<!-- to configure one channel as QueueChannel, we need only to define <queue /> element as child node -->
<int:channel id="queueChannel">
  <int:queue capacity="5" />
</int:channel>


<!-- send-timeout parameter is mandatory here. Otherwise, service activator will block whole application when QueueChannel's queue
      is full -->
<int:service-activator input-channel="directChannel" ref="productActivator" requires-reply="true"
  output-channel="queueChannel" method="handleBookingProduct" send-timeout="1000" />

Let's now take a look on our selector and test cases:

@Component
public class CoffeeSelector implements MessageSelector {
  @Override
  public boolean accept(Message<?> message) {
    if (message.getPayload().getClass() != Product.class) {
      return false;
    }
    Product product = (Product) message.getPayload();
    return "coffee".equalsIgnoreCase(product.getName());
  }
}

@ContextConfiguration(locations = "classpath:META-INF/queue-channel.xml")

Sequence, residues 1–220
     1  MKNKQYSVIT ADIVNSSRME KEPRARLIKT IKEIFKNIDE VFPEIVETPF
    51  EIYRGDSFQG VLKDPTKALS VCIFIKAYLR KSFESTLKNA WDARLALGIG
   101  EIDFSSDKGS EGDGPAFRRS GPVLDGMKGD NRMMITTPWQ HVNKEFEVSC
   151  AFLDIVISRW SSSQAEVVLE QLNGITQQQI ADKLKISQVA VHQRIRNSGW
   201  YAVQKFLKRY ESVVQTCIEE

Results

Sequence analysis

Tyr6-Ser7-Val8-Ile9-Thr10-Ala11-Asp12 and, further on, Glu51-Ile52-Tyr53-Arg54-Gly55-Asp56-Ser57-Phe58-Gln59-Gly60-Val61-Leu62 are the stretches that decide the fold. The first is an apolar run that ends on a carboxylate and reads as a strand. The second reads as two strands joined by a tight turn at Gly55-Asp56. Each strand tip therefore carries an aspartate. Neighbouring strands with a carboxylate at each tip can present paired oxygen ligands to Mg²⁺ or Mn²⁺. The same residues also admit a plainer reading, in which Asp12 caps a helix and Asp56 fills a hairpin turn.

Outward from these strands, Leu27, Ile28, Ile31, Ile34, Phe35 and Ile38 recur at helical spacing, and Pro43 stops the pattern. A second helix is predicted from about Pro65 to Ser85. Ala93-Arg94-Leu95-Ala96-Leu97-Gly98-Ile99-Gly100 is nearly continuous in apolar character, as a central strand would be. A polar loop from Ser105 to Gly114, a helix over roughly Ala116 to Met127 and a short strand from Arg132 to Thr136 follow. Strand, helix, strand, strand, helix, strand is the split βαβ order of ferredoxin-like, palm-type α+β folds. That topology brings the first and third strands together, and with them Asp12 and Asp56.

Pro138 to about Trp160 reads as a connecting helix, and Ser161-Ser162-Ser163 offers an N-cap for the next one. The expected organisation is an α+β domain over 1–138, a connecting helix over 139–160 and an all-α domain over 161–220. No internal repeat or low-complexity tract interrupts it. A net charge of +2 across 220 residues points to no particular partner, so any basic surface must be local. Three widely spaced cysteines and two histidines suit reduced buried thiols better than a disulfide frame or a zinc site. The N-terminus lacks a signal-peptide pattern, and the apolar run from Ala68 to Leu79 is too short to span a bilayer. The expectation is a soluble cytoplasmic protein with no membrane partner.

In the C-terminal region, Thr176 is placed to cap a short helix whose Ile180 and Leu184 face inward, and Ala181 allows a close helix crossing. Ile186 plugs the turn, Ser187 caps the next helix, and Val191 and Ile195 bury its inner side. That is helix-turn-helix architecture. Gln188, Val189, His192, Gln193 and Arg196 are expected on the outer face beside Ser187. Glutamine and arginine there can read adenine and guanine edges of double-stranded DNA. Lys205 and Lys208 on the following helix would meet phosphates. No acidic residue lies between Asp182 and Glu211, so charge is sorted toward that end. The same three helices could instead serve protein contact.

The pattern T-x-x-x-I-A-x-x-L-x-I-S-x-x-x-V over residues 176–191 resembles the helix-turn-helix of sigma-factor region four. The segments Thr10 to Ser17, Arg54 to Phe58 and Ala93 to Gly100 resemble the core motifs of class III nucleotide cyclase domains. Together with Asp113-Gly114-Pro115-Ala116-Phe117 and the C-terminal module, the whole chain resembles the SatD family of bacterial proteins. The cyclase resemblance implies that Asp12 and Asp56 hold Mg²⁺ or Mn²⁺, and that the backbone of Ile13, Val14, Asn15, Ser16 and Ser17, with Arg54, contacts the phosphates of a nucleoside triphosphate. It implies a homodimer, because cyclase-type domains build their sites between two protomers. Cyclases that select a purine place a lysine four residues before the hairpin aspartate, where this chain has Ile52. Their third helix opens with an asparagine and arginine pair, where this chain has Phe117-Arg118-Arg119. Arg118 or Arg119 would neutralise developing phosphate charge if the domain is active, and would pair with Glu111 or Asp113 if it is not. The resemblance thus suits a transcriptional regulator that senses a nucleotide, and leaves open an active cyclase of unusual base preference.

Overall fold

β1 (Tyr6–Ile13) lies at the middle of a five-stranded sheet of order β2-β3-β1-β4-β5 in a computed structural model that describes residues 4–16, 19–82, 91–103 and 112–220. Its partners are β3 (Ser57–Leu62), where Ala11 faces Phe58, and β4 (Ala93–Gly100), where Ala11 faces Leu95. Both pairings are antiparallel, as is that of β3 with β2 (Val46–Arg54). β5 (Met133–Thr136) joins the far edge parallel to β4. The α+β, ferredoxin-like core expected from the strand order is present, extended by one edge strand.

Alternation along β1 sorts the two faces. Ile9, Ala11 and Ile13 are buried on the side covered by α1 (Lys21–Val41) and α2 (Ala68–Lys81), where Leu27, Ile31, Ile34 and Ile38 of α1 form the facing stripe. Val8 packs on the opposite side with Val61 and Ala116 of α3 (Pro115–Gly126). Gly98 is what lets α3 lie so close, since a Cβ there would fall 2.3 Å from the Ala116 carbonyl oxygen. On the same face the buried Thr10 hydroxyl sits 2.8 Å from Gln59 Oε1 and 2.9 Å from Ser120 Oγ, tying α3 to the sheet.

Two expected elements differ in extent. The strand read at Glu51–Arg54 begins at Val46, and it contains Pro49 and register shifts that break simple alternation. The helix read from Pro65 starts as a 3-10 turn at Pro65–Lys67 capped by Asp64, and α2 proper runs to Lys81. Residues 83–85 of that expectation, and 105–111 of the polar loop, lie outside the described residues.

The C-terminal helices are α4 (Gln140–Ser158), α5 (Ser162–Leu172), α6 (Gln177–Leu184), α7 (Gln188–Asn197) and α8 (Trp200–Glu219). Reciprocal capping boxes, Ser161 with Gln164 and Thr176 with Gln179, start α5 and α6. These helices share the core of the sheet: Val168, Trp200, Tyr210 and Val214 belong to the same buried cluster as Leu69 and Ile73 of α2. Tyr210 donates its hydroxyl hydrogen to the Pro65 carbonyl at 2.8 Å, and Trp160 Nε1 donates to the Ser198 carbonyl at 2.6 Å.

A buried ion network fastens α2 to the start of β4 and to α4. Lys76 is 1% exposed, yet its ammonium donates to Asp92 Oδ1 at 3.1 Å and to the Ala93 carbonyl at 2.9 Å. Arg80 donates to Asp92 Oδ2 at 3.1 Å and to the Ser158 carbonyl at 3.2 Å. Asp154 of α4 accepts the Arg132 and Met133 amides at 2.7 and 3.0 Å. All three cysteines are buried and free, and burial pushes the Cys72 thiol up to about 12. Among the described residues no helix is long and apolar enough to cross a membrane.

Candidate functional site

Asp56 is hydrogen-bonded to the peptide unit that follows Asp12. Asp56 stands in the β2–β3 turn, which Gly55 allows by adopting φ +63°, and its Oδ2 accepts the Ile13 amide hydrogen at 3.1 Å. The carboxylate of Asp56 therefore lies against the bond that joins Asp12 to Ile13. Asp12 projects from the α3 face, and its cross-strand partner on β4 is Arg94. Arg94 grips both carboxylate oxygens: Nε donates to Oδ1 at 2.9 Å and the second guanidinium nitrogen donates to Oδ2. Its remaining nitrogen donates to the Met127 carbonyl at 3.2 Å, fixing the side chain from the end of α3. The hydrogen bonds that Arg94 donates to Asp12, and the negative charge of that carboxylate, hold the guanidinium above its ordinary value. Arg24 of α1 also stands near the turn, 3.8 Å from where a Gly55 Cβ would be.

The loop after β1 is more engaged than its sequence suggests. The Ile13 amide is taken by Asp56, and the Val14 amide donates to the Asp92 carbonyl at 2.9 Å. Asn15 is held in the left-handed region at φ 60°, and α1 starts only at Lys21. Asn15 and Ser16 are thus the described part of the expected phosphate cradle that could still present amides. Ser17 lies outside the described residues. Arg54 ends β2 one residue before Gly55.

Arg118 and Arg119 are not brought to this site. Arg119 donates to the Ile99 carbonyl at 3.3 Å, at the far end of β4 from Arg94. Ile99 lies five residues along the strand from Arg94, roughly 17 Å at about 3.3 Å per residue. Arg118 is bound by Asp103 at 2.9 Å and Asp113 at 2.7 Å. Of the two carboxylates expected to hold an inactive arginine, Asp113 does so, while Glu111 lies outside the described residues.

@RunWith(SpringJUnit4ClassRunner.class)
public class QueueChannelTest {

  @Autowired
  @Qualifier("queueChannel")
  private QueueChannel queueChannel;

  @Autowired
  @Qualifier("directChannel")
  private DirectChannel directChannel;

  @Autowired
  private CoffeeSelector coffeeSelector;

  @Test
  public void testReceiving() {
    // clear QueueChannel queue. Otherwise the sending will fail with MessageDeliveryException
    queueChannel.clear();
    Message<Product> coffeeMsg = constructMessage("coffee");
    directChannel.send(coffeeMsg);

    Message<?> received = queueChannel.receive(2000);
    assertEquals("Payload of received message should be the same as for sent message", received.getPayload(),
      coffeeMsg.getPayload());
  }

  @Test
  public void testQueueCapacity() {
    Message<Product> coffeeMsg = constructMessage("coffee");
    int remaining = queueChannel.getRemainingCapacity();
    boolean wasMde = false;
    for (int i = 0; i <= queueChannel.getQueueSize(); i++) {
      try {
        directChannel.send(coffeeMsg, 1000);